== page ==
One of the more valuable aspects of Ning is that of identify and focus. Whereas Facebook is currently experiencing a dilemma of singular personality disorder, Ning evokes and encourages a healthy affliction of multiple personality “in” order.

While some call Ning home, many others organize and participate in dedicated nicheworks as participants without concern for the other 1.6 million networks that live in the greater populace. Individuals create dedicated or universal profiles so that their engagement is distinct to their network of precedence.

The network only continues to develop.

At a recent event in Palo Alto, Ning invited developers to explore the newly launched developer platform and application directory – a strategy that propelled the likes of Facebook, Twitter, as well as the iPhone. Even though it is essentially in its infancy, the new developer program is designed to increase the innovation, functionality, and opportunity for Ning and its users. Ning is betting that developers will embrace the platform to eventually create and monetize solutions that provide entertainment, productivity, communications, and commerce for everyone involved.

The race to the world’s largest social network is well underway and honestly, it’s not a story worth covering. The real race is transpiring in the long tail and across the vertical landscapes where nicheworks unite people across the world around themes and as such, creating a flourishing global society of conversational networks bound by psychographics.

Ning will only continue to earn prominence and as you continue to monitor the proverbial conversation online, consider searching Ning for the keywords that important to you, your personal interests and the brand you represent. And while you’re at it, consider researching the entire social Web at least once quarter to assess where else relevant conversations are flourishing without your guidance or direction today. It just might also help answer “why” or “why not” your presence is necessary in any given network now and in the future.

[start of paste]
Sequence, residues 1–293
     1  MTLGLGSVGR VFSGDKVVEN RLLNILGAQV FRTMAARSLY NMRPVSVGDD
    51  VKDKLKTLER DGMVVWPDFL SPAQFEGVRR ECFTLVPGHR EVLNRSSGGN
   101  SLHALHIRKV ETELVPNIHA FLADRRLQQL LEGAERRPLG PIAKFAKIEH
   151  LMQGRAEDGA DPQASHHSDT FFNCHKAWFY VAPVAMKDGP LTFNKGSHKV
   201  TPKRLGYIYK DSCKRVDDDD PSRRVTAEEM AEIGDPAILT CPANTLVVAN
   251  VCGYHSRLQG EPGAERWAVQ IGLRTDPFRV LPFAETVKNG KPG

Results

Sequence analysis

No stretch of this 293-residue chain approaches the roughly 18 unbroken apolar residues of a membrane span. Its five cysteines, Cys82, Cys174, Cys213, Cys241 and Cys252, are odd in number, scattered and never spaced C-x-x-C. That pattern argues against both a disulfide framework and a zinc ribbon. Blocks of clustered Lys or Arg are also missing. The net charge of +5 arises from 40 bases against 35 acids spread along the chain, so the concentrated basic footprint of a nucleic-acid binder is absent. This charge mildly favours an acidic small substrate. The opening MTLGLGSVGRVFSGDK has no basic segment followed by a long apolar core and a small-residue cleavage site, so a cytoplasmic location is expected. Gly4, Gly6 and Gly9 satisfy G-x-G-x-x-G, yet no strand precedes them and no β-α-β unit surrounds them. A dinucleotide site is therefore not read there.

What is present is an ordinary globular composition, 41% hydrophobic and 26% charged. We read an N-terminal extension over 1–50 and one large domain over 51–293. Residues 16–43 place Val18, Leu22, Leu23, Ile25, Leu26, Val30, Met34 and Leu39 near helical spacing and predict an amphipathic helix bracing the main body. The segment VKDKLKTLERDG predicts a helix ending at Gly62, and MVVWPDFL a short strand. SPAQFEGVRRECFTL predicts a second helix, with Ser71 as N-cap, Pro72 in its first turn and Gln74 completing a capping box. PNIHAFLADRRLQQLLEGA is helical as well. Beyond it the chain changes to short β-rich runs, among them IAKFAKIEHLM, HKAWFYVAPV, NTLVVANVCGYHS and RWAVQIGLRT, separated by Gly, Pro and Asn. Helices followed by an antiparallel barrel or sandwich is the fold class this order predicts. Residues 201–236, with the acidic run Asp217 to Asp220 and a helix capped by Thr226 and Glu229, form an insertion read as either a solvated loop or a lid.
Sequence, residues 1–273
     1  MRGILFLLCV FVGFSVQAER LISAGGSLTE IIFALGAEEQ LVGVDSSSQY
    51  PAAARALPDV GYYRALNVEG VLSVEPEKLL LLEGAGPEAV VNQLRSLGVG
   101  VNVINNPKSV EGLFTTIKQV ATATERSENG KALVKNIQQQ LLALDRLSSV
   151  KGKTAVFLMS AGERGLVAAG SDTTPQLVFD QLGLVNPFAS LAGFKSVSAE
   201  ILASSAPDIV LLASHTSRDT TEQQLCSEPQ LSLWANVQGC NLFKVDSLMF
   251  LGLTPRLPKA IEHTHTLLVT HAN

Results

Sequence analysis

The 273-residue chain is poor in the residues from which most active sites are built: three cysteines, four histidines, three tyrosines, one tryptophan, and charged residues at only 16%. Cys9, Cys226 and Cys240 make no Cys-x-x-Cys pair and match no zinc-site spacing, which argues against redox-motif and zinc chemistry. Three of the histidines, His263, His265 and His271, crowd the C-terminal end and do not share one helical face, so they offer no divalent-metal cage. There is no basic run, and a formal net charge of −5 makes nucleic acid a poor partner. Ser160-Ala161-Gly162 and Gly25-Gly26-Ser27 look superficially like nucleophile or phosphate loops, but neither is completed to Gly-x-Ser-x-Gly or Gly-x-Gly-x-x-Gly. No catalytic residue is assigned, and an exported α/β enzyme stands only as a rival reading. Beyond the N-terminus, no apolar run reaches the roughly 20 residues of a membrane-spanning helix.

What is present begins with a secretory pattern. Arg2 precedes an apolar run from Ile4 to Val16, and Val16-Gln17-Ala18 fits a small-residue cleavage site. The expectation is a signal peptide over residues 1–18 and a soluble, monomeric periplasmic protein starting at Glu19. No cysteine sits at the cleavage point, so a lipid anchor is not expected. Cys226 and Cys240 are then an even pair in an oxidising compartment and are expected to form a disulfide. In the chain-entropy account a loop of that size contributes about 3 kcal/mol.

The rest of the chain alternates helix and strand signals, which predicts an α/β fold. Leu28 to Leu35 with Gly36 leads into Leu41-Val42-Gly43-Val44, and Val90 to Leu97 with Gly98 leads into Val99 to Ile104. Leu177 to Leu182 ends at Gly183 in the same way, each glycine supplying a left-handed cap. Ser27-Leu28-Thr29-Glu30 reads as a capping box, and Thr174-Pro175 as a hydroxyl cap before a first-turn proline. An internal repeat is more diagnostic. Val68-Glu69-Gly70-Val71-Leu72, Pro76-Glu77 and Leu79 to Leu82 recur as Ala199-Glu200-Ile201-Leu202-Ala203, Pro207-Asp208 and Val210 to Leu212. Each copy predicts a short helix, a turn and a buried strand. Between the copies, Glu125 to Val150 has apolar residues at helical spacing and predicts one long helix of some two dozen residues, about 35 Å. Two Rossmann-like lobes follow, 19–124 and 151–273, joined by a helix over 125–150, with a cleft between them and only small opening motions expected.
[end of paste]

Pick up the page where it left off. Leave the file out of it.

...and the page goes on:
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ABOUT ME

Brian Solis is a digital analyst, anthropologist, and also a futurist. In his work at Altimeter Group, Solis studies the effects of disruptive technology on business and society. He is an avid keynote speaker and award-winning author who is globally recognized as one of the most prominent thought leaders in digital transformation.

His most recent book, What's the Future of Business: Changing the Way Businesses Create Experiences (WTF), explores the landscape of connected consumerism and how business and customer relationships unfold in four distinct moments of truth. His previous book, The End of Business as Usual, explores the emergence of Generation-C, a new generation of customers and employees and how businesses must adapt to reach them. In 2009, Solis released Engage, which is regarded as the industry reference guide for businesses to market, sell and service in the social web.